Credit: by Jinchao Tong, Fei Suo, Tianning Zhang, Zhiming Huang, Junhao Chu and Dao Hua Zhang
Millimetre and terahertz wave detectors have a wide range of applications in areas such as communications, security, biological diagnosis, spectroscopy, and remote sensing. They are the components that can transform light information loaded by long-wavelength millimetre and terahertz waves into electrical signals. High-performance room-temperature detectors with high sensitivity, fast response, broad spectral bandwidth, and possibility to be extended to large format arrays are always pursued. They are the building blocks for a wide range of millimetre and terahertz wave related systems, including communication network, deep space exploration equipment, security screening system, spectroscopy system, and material composition inspection. However, conventional efficient photoexcitation in optoelectronic semiconductors seems not applicable due to small quantum energy of millimetre and terahertz waves and strong background thermal disturbances. Although Golay cells, pyroelectrics, bolometers, and Schottky barrier diodes (SBDs) are in widespread use, they suffer from poor noise equivalent power (NEP) (only 10-9-10-10 W Hz-1/2 level for Golay cells and pyroelectrics), slow response (ms level for Golay cells, pyroelectrics), or narrow spectral bandwidth (multiple modules for SBDs to achieve broad spectral bandwidth).
In a new paper published in Light Science & Application, Professor Dao Hua Zhang and Presidential Postdoctoral Fellow Jinchao Tong from the School of Electrical and Electronic Engineering, Nanyang Technological University, Singapore and co-workers reported millimetre and terahertz wave detectors based on epitaxially grown InSb/AlInSb/GaSb/GaAs by molecular-beam epitaxy (MBE) with nanogroove array for enhancement. The InSb films in such a novel structure possess high electron mobility and negative permittivity in a broad millimetre and terahertz wave band, and further, it is suitable for fabrication of large format arrays. A broad spectral bandwidth planar equiangular spiral antenna is designed to efficiently couple millimetre and terahertz waves. A nanogroove array is fabricated in the InSb layer, which can arouse strong excitation of millimetre and terahertz wave surface plasmon polaritons (SPPs), especially at the InSb-air interfaces, leading to a general improvement of 50-100% for detection performance. A NEP of 2.2×10-14 W Hz-1/2 or a detectivity (D*) of 2.7×1012 cm Hz1/2 W-1 is achieved at 1.75 mm (0.171 THz) at room temperature. The device also shows a broad spectral band detection from 0.9 mm (0.330 THz) to 9.4 mm (0.032 THz) and a fast response speed of 3.5 μs. By moderately decreasing the temperature to the thermoelectric cooling of 200 K, the corresponding NEP, D* and response speed can be further improved to 3.8×10-15 W Hz-1/2, 1.6×1013 cm Hz1/2 W-1 and 780 ns, respectively.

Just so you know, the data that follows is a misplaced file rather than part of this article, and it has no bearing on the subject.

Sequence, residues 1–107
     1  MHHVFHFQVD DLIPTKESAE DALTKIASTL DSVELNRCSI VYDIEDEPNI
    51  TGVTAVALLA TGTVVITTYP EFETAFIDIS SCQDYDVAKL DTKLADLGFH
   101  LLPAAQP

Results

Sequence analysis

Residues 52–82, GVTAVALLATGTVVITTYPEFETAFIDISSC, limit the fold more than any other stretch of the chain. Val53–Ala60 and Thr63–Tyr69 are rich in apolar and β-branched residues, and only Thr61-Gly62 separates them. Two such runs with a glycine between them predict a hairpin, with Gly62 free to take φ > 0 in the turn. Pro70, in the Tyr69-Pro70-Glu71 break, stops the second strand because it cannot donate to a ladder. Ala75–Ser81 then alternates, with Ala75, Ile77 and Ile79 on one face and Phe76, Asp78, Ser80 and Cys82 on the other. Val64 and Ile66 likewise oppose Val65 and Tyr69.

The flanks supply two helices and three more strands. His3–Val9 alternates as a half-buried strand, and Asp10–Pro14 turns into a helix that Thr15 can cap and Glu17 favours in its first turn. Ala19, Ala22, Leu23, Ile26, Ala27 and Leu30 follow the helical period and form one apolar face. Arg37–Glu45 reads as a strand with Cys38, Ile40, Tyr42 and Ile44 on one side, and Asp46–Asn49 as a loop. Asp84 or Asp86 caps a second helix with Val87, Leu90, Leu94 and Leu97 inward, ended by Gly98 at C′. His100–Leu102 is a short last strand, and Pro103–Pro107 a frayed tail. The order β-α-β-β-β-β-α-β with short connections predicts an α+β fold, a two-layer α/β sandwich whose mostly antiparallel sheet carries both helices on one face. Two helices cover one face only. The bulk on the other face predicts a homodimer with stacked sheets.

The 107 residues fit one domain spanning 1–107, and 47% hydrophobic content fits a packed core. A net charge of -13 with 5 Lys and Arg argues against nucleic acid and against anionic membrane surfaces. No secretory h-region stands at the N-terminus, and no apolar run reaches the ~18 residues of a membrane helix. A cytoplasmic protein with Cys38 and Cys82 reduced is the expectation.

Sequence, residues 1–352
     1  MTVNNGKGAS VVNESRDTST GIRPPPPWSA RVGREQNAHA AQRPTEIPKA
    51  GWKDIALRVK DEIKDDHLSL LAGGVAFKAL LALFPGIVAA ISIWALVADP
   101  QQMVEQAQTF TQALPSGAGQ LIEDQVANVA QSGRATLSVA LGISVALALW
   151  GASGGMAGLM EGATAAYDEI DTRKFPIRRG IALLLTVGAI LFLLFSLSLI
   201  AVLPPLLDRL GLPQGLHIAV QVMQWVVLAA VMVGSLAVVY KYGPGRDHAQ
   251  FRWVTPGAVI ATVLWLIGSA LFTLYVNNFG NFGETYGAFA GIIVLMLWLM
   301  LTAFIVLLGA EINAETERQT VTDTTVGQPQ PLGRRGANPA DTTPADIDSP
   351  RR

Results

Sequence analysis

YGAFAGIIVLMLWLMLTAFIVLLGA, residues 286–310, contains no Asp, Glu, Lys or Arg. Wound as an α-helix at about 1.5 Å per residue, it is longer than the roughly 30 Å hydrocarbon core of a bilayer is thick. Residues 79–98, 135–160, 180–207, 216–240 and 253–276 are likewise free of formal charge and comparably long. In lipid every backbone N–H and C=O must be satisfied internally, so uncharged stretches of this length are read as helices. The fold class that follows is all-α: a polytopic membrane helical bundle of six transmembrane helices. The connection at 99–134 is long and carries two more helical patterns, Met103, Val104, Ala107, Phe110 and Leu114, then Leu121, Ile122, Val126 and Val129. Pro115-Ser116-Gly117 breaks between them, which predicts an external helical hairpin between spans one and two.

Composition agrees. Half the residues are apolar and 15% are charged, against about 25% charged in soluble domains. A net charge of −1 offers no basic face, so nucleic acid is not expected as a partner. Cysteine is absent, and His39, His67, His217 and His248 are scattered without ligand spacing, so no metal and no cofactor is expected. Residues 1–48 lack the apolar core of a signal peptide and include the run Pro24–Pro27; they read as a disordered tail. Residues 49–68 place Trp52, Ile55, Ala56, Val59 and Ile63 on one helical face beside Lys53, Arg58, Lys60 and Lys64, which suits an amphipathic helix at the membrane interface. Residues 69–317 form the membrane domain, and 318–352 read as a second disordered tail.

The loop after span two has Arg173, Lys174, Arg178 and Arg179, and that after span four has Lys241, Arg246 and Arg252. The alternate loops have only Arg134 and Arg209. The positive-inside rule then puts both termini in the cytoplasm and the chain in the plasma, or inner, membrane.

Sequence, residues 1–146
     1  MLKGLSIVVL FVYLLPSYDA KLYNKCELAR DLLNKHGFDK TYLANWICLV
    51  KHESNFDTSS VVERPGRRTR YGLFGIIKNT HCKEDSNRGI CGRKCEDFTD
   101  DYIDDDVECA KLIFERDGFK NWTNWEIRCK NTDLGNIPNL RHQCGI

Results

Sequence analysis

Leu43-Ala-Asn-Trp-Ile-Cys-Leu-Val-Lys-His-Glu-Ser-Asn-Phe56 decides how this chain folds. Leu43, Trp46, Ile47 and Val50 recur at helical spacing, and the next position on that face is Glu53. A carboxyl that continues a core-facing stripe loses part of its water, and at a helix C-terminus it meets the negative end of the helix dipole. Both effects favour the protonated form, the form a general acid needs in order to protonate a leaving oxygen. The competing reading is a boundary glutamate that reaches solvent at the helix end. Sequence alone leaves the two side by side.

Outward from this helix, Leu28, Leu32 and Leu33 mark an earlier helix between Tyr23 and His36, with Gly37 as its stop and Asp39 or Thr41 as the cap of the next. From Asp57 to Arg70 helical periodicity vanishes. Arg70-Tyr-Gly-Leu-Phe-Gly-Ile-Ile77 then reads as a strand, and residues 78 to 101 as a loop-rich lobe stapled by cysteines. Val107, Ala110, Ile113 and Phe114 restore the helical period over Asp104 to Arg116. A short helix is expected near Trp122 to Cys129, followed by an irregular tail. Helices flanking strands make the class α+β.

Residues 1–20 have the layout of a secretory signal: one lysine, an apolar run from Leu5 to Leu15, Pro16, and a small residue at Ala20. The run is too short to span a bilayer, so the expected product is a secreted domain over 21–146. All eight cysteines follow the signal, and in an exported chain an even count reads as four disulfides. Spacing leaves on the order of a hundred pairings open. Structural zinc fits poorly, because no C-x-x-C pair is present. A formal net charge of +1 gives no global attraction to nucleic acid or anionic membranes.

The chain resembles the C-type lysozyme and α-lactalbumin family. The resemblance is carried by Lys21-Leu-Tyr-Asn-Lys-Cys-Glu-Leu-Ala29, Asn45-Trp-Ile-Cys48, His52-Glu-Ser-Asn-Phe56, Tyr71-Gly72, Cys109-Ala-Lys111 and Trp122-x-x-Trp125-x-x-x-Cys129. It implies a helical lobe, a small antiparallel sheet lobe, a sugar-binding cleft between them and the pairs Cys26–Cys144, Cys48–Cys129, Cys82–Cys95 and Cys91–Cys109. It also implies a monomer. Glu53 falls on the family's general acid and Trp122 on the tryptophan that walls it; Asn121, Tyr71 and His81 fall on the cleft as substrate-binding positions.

The detection of the detector is based millimetre and terahertz wave SPPs induced nonequilibrium electrons. Under external bias, unidirectional drift of these carriers will form photocurrent. The newly developed detector has a few advantages compared to current technologies. High sensitivity: the achieved NEP is 2-3 order superior to state-of-the-art. Uncooled operation: no cooling technology is required for its normal operation. Broad spectral band detection: A single detector can performance detection in 0.9-9.4 mm. Easy to be extended: this detector is based on wafer-scale InSb. Fast response speed: the detector has a response speed of μs level at room temperature. Simple configuration: the detector is based on very simple two-terminal structure.
Dao Hua Zhang
Related Journal Article